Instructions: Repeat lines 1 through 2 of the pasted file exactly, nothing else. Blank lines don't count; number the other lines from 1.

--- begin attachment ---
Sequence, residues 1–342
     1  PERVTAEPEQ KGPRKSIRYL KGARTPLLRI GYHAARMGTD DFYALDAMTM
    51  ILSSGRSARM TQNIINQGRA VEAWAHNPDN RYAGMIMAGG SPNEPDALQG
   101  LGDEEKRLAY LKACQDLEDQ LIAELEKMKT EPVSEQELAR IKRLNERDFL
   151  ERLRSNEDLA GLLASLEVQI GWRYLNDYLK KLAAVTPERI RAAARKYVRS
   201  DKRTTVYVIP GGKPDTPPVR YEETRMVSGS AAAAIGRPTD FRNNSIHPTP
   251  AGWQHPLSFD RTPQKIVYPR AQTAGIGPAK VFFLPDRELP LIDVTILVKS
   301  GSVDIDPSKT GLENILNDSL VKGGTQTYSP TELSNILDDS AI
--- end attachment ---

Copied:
Sequence, residues 1–342
     1  PERVTAEPEQ KGPRKSIRYL KGARTPLLRI GYHAARMGTD DFYALDAMTM